In 1960, Bill Wright established ASCO Equipment (ASCO) in Lubbock, Texas, as a Towmotor Lift Truck dealership and U.S. Army surplus store. When Caterpillar Tractor Company bought out Towmotor in 1965, the business became a CAT dealer. Four years later, the business acquired a Clark-Michigan dealership. When Clark-Michigan merged with Volvo in 1985, ASCO took on the Volvo brand, as well.
In 2009 the business made another acquisition, bringing on CASE Equipment Sales and Service as part of the company. These major brands continue to make up a large part of ASCO’s business, as well as other recognizable names, such as Bobcat, Kawasaki, Genie and Mitsubishi, among others.
ASCO has evolved significantly over the last 54 years, although the Wright family still owns and operates the business. Bill’s sons, Brax and Steve Wright, serve as the company’s CEO and president, respectively. Paula, Bill’s daughter and treasurer for ASCO, is also proud to be part of the family operation.
Furthermore, each of the siblings’ children are involved with the company, too. Chase Key, Courtney Vanderham and John Wright bring ASCO into its third generation of family operation. The business continues to grow as ASCO makes acquisitions and adds products and services to the lineup.
“We are trying to grow the company all the time,” says Brax. “We have 22 locations in 18 cities throughout Texas and we serve the whole state with one brand or another.”
“We have a broad line of equipment, but our niche is really service and parts,” John notes. “Our sales department will sell you a machine, but it is the parts and service we offer that brings customers back. Our goal is to support our customers the best we can after they have bought a machine.” ASCO’s customers include contractors, oil companies and farmers throughout the state.
Over the years, the base product line has remained unchanged. Customers purchase heavy equipment, such as backhoes, excavators, loaders and forklifts, from any of the ASCO’s represented brands. Meanwhile, technology is changing. With the rising price of fuel, manufacturers are striving to make machinery more efficient. As an effort to cut down on air pollution, these brands are building equipment that runs cleaner, too.
“Most of the major brands have gone to at least tier-four interim or tier-four final,” John explains. “The exhaust on these machines is so clean, that if you are using them in a warehouse, you might even improve the air quality.” Several ecologically greener lines for these major brands are moving quickly, although particularly in the wake of the recession, rentals and service are the real standout parts of the business.
“Many construction companies are leaning more toward rentals these days,” John explains. “We have a full separate rental department with its own salesman and service shop. The growth in this segment of the business is largely because people are looking for more constant expense. They can pay the same price every month instead of these big expenditures every few years. This preference has helped to make sure we’ll be around for a while. With the construction market in a lull, people couldn’t afford to buy new. Instead, companies service older equipment or rent to cut overhead. We have diversified ourselves pretty well.”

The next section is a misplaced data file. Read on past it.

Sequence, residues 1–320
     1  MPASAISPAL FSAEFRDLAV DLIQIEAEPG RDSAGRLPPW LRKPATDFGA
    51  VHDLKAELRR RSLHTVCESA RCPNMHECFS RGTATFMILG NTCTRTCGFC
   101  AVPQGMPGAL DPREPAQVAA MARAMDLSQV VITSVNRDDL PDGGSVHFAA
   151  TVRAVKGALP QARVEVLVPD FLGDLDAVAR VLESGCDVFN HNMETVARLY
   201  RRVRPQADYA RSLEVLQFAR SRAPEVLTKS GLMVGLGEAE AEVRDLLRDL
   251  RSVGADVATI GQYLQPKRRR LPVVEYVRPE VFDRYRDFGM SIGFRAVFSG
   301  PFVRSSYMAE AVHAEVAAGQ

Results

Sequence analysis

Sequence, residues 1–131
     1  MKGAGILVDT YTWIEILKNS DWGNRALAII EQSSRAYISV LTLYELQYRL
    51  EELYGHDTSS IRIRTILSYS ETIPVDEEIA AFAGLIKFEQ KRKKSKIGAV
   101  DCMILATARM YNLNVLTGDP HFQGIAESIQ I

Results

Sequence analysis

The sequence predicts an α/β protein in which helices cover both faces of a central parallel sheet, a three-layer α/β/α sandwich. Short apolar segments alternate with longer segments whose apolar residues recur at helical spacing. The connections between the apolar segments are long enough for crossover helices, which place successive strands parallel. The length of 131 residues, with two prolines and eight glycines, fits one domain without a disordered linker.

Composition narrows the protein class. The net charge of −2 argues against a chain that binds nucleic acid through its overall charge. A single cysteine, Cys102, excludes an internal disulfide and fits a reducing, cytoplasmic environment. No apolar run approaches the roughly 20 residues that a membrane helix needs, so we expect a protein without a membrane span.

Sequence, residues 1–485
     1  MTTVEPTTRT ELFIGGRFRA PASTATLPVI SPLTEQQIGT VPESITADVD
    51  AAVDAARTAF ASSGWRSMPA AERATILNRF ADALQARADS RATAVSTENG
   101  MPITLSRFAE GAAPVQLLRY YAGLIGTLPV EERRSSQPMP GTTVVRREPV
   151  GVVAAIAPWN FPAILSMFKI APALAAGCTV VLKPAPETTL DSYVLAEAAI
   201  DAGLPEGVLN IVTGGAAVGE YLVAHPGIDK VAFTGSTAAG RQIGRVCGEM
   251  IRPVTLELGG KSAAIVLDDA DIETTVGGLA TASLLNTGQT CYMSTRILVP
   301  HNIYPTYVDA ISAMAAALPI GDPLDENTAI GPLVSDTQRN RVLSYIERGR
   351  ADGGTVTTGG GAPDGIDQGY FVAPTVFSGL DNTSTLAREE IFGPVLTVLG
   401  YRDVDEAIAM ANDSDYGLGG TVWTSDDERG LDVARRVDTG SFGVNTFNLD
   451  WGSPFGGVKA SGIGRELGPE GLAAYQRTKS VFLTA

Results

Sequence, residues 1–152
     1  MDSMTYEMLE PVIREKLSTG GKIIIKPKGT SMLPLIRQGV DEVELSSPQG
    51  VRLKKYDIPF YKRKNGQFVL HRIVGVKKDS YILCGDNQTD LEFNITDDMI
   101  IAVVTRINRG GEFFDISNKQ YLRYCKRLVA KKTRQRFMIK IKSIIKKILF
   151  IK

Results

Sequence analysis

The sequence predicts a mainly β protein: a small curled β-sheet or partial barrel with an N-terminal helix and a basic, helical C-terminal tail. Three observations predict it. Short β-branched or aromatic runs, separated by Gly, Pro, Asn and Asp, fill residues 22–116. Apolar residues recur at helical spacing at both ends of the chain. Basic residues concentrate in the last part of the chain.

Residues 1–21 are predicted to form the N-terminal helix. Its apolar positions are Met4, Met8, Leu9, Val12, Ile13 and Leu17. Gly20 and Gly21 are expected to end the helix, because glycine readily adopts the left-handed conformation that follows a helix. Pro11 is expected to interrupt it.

These multiple facets of the business help to demonstrate what John calls, the ‘ASCO Difference.’ He explains that while many of the larger companies also offer equipment service, it can take weeks before a machine even makes it into the shop. “A customer brings a machine in and that machine is down for a month,” he elaborates. “We have the rental side and we have the service side. We try to get to the machine immediately and we can also offer loaners or discounted rentals to keep our customers going while their machines are in our shop. We want to keep their up-time to a maximum.”
Customers have come to rely on ASCO for reliable service that reduces down time and offers better value than other rental and service locations. The team has built a strong and growing customer base within Texas, a factor that allows the business to continue growing, making acquisitions and absorbing product lines throughout the state.
While the success of the business is a major point of pride for the company, the Wright family takes far greater satisfaction in supporting employees, partners and the community. “Our company motto is to be a blessing to our customers, teammates, community and stockholders,” John explains. “We try to provide our employees with better benefits than most companies, with good wages and good health care. We give scholarships to many of our employees’ children to go to college.”
As part of the ‘be a blessing’ philosophy that guides ASCO, John and his family aim to do well enough as a company to be able to pass on that benefit to a charitable organization every year. Each of the 22 branches puts together a fundraiser each year for a company-chosen organization. Once employees have raised money to go to these organizations, the company matches the amount.
The beneficiary for 2014 is the Soldier’s Child Foundation. “They start out with sending birthday gifts to kids who have lost a parent in military service each year until their 18th birthday and they send kids from age 12 to 14 to summer camp together,” John says. “We have also held fundraisers for the Children’s Miracle Network, Combat Marine Outdoors and the Make a Wish foundation over the last few years.”
Community support is at the heart of ASCO’s operations, a factor that sets the business apart on its own. John and his team are looking forward to continued growth in order to keep supporting these worthy causes. While customers will continue to rely on ASCO Equipment for efficient service and quality products, the focus on giving back will continue to be the team’s drive for success.